The Arty Semite

Friday Film: Behind Friendly Lines

By Sarah Kessler

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It takes a midnight downpour to force a mutiny and forge a temporary unit from the misfits on Israel Defence Force Training Base 4, nearly three-quarters of the way through Georgian-Israeli director Dover Kosashvili’s new film.

“Where did they find such a group of losers?” mutters the troop commander, as they stubbornly shuffle together like a heard of defiant cows.

The answer is from North African immigrants, Holocaust survivors, idealistic kibbutzniks, rich Jerusalemites and the sons of their maids. But first and foremost, from a list of applicants medically unfit for regular service.

Set in 1956, “Infiltration” is Kosashvili’s fourth picture, an adaptation of Yehoshua Kenaz’s 1986 novel of the same name. Debuting earlier this year at the Jerusalem Film Festival and picking up six nominations at the Israeli Film Academy Awards, “Infiltration” recently screened at the BFI Film Festival in London and opened in wide release in Israeli theaters.

The troop boasts a soldier with a heart murmur, an epileptic, a drug dealer, a “mental profile of rage” and one man who insists he’s there by mistake. They are the motley crew of Kenaz’s novel, an account of his own experiences at a training camp for the physically unfit.

The film opens against a bucolic Promised Land as our trainee troops, floppy-haired and short-shorted like overgrown American Apparel boy scouts with rifles, shift uncomfortably, waiting for their turn to violently practice “silencing the guard.”

“We’ll make soldiers of you yet,” their commander jeers. But these recruits can barely face a jog without a deathly pallor, let alone an armed enemy, and they know they are bound for desk jobs.

As is traditional, our “platoon of the broken hearted” is pitted against a common enemy close to home: Commander Benny. At times frustrated, at others unfathomably sadistic, we watch him repeatedly push back his glasses and set about breaking these men and setting them into a new, hard mold. His efforts are almost always greeted with a military bark of “yes, sir, yes,” and almost always without more success.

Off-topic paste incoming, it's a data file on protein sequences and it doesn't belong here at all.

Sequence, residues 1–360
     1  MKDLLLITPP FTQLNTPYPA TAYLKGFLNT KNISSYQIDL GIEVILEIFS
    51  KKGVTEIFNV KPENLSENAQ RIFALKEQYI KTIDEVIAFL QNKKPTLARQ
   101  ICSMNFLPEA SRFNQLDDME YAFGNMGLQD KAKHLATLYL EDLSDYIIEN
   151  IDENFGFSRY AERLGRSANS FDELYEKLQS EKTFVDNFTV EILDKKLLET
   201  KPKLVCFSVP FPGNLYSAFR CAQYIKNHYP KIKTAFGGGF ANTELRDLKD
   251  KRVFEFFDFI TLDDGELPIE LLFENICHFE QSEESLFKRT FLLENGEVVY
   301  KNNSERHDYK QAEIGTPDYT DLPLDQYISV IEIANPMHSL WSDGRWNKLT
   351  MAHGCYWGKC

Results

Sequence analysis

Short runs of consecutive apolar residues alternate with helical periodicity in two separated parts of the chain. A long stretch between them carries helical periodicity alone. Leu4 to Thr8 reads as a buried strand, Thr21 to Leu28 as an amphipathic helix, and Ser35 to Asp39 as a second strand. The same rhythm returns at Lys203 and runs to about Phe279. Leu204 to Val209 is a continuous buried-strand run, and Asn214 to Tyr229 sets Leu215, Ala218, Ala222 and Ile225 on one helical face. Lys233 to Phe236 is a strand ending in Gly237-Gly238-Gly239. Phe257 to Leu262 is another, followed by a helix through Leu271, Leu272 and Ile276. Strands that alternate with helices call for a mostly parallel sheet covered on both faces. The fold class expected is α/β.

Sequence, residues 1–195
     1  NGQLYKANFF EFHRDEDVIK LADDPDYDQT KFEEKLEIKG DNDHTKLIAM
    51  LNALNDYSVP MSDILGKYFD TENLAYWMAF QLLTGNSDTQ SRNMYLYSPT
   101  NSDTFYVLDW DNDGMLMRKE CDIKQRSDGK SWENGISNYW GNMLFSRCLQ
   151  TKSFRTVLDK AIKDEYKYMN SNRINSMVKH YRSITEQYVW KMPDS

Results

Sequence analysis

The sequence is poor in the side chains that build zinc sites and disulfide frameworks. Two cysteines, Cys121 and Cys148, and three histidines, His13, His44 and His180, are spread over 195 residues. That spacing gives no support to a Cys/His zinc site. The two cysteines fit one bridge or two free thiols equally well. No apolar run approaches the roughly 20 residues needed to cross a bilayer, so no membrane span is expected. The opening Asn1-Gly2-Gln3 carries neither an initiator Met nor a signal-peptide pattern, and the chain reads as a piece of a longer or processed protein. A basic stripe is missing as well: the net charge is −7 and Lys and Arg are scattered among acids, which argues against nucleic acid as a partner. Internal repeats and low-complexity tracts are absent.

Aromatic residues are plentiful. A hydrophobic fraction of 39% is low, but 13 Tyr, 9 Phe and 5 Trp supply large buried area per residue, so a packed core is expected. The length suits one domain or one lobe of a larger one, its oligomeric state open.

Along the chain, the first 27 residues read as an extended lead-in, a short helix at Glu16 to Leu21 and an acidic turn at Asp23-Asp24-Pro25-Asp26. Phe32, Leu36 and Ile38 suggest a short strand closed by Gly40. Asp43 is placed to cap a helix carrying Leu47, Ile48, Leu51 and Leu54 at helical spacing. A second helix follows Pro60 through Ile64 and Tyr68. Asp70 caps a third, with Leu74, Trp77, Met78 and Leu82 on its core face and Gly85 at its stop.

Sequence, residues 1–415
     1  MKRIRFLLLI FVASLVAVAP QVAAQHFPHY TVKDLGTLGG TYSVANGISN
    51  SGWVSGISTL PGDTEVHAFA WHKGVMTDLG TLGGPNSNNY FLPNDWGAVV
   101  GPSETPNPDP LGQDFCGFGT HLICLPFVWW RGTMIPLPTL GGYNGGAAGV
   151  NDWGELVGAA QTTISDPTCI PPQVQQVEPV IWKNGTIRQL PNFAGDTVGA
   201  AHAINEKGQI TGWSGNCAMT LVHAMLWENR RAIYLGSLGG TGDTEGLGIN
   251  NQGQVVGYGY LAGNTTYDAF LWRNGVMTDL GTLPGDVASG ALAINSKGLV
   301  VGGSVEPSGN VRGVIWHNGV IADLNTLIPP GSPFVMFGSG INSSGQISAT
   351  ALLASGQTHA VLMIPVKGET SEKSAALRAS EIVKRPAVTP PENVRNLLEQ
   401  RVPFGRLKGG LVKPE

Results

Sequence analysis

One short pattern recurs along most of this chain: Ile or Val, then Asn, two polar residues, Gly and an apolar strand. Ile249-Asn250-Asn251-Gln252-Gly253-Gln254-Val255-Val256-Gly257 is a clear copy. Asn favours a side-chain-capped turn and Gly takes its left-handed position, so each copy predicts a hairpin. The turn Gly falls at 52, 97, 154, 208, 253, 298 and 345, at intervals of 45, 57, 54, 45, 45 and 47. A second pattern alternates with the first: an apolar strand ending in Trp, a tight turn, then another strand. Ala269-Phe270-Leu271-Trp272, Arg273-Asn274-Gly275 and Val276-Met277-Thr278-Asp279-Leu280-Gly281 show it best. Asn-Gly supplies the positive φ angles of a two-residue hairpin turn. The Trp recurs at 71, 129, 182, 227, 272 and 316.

Set to music that inclines the tone variously to moving drama and Monty Python comic excess, our main characters slowly come to the fore. Ben Hamo, a Moroccan Jew played by Assaf Ben Shimon (winner of the Haggiag Family Awards for Acting at the Jerusalem Film Festival), is a shuffling man-child who elicits a sea-sick balance of compassion and disgust from the audience. He belly dances joyfully for the squad, throws a tantrum with his mother, rats petulantly on a bully and is brutally bloodied in turn. “You’re just Arabs who are afraid to eat on Yom Kippur,” they taunt him.

There’s Avner (Guy Adler), a square-jawed, cigarette smoking Warner Brothers stud who refuses to bend to the rules. He spends half the film flexing his raw but adrift sex appeal and the other half prone on a cot under a bivouac at base camp, as punishment for falling asleep on watch duty.

And then there’s Alon (Oz Zehavi), the kibbutznik convinced he belongs with the paratroopers, not this rabble, whose pride inspires a particular and destructive ire in the commander. Alon’s commitment to an ideal of Israeli military heroism, and his shame at his low rank, backfires to shocking effect.

“Infiltration” is not, then, the daring tale of high espionage behind enemy lines that the title suggests. But it is considered one of the most important Israeli novels since the creation of the State, and is after something subtler. Through a series of vignettes, both the book and the film confront the social, racial and religious tensions of a new and disparate society, struggling to coalesce around a vision of biblical proportions. Heightened by throbbing machismo, sex, and in some cases a crippling lack of both, the film marks the struggles of its characters painfully and personally.

Near the end of the film, an immigrant character with chronic shaving cuts and the effacing name “Zero Zero” is celebrates the birth of his son. “I’ll give him an Israeli name!” he bellows, “not like Lupo and Shupo and all those…He won’t be a sh-t like me. This place creates beautiful, healthy children!”

More than 50 years on from its setting, with Israeli society still negotiating the sums of its parts we’re still unnerved by the force of his jubilation.

Watch the trailer for ‘Infiltration’:


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